PERSONS IN TRANSIT TO ICC OR SERVING SENTENCES IMPOSED BY ICC
Enforcement of Sentences in Trinidad and Tobago
(3) Notwithstanding subsection (2) and any other enactment—
(b) a Judge of the ICC or a member of the staff of the ICC may visit the ICC prisoner for the purpose of hearing any representations by the prisoner without the presence of any other person, except any representative of the prisoner;
(a) The State of enforcement shall notify the Court of any circumstances, including the exercise of any conditions agreed under paragraph 1, which could materially affect the terms or extent of the imprisonment. The Court shall be given at least 45 days' notice of any such known or foreseeable circumstances. During this period, the State of enforcement shall take no action that might prejudice its obligations under article 110.
(b) Where the Court cannot agree to the circumstances referred to in subparagraph (a), it shall notify the State of enforcement and proceed in accordance with article 104, paragraph 1.
3. In exercising its discretion to make a designation under paragraph 1, the Court shall take into account the following:
(a) The principle that States Parties should share the responsibility for enforcing sentences of imprisonment, in accordance with principles of equitable distribution, as provided in the Rules of Procedure and Evidence;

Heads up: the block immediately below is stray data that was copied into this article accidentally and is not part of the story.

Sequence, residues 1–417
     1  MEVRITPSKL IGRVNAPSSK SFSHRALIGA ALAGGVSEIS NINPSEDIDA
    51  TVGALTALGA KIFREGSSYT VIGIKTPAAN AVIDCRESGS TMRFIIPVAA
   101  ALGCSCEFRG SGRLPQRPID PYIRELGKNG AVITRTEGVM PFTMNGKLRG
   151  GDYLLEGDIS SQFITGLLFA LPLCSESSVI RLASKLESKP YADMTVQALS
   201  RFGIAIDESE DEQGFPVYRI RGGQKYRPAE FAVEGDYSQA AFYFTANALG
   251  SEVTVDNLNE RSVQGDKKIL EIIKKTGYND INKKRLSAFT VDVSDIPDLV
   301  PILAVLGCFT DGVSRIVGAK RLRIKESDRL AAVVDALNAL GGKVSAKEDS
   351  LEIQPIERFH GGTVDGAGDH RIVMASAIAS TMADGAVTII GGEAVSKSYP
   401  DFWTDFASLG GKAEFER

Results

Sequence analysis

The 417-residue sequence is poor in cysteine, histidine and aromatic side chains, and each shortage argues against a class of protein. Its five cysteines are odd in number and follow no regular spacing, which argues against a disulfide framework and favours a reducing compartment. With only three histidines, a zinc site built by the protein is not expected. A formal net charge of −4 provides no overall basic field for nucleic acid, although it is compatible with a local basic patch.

(c) The views of the sentenced person;
(d) The nationality of the sentenced person;
(e) Such other factors regarding the circumstances of the crime or the person sentenced, or the effective enforcement of the sentence, as may be appropriate in designating the State of enforcement.
4. If no State is designated under paragraph 1, the sentence of imprisonment shall be served in a prison facility made available by the host State, in accordance with the conditions set out in the headquarters agreement referred to in article 3, paragraph 2. In such a case, the costs arising out of the enforcement of a sentence of imprisonment shall be borne by the Court.
1. The enforcement of a sentence of imprisonment shall be subject to the supervision of the Court and shall be consistent with widely accepted international treaty standards governing treatment of prisoners.
2. The conditions of imprisonment shall be governed by the law of the State of enforcement and shall be consistent with widely accepted international treaty standards governing treatment of prisoners; in no case shall such conditions be more or less favourable than those available to prisoners convicted of similar offences in the State of enforcement.